With a level term life insurance policy, this is not the case as there is no cash value component. As a result, your policy won’t grow, and your death benefit will never increase, thereby limiting the payout your beneficiaries will receive. If you want a policy that provides a death benefit and builds cash value, look into whole, universal or variable plans.
Life insurance premiums can increase after the term
A noteworthy issue you could experience with level term policies comes at the end of the term. The second your policy expires, you'll no longer have life insurance coverage. It's often possible to renew your policy, but you'll likely see your premiums increase significantly. This could present issues for retirees on a fixed income because it's an additional expense they might not be able to afford.
What is the difference between level term and decreasing life insurance?
Level term and decreasing life insurance offer similar policies, with the main difference being the death benefit. With both plans, your premiums will stay the same throughout the term, providing cost certainty. However, with a decreasing life insurance plan, your payout shrinks over the years, leaving your beneficiaries with fewer proceeds.
While decreasing life insurance might not sound ideal, it costs less than level term and could be beneficial if you're on a tight budget. It's also worth considering if you're taking out a loan, but your lender wants you to have life insurance in case you die before satisfying the debt. In this scenario, you'll want the cheapest policy available to fulfill your insurance requirements, which will likely be a decreasing life insurance plan.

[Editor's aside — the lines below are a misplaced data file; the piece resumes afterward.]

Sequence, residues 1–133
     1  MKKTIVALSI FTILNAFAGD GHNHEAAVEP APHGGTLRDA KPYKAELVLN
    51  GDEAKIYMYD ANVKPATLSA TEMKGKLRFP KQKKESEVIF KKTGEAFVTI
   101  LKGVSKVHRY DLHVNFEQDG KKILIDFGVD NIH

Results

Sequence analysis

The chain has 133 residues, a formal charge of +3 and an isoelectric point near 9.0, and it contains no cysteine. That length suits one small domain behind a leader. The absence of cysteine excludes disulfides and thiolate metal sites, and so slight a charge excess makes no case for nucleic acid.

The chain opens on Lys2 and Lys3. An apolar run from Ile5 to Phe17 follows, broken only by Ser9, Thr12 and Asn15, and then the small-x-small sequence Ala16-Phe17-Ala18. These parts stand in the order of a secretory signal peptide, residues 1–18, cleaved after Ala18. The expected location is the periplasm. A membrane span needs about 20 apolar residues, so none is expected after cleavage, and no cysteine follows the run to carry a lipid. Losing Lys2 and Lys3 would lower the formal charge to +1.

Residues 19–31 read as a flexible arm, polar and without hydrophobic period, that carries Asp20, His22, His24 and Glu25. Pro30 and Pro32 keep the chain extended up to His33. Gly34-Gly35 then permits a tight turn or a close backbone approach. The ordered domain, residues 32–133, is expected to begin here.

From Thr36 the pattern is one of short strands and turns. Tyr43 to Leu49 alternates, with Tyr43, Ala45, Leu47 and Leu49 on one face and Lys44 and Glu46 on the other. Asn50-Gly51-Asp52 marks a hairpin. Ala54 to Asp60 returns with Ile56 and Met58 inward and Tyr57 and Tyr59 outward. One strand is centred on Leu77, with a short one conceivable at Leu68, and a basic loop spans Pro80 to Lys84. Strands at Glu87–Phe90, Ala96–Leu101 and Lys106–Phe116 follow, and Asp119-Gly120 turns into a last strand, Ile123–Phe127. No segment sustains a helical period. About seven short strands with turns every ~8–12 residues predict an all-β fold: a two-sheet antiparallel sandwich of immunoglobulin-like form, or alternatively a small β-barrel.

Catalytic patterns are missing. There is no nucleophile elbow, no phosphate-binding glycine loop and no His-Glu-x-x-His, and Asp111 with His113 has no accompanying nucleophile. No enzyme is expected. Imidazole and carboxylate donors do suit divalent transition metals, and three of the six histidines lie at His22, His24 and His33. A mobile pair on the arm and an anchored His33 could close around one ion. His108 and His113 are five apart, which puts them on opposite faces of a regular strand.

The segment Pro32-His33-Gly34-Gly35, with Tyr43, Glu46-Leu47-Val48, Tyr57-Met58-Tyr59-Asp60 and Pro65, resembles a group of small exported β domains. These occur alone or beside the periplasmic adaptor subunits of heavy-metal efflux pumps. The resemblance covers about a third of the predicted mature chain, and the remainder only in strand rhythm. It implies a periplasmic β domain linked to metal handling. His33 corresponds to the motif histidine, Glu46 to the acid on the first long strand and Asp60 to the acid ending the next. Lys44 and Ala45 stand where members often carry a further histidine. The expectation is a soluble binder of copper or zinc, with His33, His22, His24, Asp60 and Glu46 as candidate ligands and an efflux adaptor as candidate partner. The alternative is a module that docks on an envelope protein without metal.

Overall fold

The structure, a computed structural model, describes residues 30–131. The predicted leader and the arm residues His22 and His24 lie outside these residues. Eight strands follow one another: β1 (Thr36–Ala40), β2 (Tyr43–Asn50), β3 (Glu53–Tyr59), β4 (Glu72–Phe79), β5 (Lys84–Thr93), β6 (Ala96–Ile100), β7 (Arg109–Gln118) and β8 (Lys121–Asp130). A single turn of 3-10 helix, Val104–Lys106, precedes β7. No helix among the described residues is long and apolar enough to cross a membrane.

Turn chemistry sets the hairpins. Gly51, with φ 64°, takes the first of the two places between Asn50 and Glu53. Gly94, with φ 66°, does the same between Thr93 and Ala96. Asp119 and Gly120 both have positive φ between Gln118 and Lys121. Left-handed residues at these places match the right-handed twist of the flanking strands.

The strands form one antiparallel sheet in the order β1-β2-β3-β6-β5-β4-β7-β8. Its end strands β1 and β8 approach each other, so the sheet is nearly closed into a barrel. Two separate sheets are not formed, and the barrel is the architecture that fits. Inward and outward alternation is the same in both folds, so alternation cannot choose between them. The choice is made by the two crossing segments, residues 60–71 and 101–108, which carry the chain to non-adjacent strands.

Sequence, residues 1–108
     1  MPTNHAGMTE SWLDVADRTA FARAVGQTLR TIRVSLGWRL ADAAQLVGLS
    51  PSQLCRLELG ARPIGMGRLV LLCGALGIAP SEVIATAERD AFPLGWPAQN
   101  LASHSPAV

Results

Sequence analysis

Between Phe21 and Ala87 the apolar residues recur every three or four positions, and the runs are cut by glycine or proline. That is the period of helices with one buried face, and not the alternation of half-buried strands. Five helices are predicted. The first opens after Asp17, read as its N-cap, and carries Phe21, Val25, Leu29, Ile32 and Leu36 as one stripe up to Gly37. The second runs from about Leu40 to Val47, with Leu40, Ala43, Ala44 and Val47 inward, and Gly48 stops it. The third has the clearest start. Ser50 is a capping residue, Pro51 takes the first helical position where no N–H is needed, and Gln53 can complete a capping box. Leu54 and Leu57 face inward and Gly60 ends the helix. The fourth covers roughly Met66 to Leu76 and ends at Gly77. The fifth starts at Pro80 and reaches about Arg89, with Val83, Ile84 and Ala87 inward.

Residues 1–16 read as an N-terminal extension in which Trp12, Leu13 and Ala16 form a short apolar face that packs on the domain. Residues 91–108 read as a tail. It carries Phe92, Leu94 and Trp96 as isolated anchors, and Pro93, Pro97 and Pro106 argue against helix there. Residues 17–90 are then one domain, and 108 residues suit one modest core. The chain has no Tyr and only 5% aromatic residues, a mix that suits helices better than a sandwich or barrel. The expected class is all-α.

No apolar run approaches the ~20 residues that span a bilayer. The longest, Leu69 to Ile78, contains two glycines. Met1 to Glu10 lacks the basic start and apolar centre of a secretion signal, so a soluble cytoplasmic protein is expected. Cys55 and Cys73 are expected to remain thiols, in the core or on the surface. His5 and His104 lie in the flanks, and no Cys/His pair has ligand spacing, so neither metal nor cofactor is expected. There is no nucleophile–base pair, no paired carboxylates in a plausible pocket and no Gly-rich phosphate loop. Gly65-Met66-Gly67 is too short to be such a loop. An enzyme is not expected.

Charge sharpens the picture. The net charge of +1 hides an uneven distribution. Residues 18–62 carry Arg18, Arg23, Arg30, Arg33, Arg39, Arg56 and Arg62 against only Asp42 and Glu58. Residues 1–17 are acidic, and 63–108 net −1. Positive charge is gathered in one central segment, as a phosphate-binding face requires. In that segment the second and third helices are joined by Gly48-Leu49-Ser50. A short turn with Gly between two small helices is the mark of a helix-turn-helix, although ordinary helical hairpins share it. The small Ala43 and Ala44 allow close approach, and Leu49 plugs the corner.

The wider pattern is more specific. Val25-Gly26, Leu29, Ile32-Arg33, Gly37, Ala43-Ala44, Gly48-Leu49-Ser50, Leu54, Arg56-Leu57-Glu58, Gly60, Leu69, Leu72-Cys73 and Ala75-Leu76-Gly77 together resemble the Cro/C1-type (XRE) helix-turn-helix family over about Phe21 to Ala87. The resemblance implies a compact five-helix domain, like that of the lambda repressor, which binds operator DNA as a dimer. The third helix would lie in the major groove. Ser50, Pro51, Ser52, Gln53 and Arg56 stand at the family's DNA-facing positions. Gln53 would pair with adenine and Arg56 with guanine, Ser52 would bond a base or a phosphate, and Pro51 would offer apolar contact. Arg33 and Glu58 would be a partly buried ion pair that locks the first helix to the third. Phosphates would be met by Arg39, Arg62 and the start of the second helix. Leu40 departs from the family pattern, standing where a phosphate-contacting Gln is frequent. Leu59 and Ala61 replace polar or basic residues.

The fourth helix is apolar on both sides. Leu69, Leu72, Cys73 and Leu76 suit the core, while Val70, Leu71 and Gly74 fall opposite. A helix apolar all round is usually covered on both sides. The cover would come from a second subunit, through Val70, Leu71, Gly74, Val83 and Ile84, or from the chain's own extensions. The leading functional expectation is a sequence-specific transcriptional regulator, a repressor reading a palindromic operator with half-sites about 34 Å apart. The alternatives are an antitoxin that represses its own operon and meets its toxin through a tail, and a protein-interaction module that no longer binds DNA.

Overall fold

What is the best level term life insurance?
The best life insurance policy delivers adequate death benefits and affordable premiums. Low-cost level term life insurance is available via numerous providers. As long as the plan provides a payout that you find substantial enough for your beneficiaries, you'll likely be happy with your policy.
As you search for the best level term life insurance policy, consider the costs, terms and benefits each option entails. You'll also want to compare level term life insurance to permanent life insurance plans — like whole, universal and variable — to ensure you find the ideal policy capable of meeting your needs.
Summary of Money's term level life insurance explanation
Understanding level term life insurance can help you determine which type of life insurance policy is right for you. With a level term policy, you'll have fixed premiums and death benefits from start to finish, making them easy to budget for and manage. You can also transition your level term policy into a permanent one, ensuring your coverage doesn't lapse at the end of the term.
However, term level life insurance policies don't have a cash value component, so you can't use them for retirement income or take out loans against them. You'll also incur significant expenses if you convert your level term into a permanent policy because your premiums are based on your current age and health. Level term life insurance could be the right fit for you, but learning about your options is vital before deciding on any life insurance policy.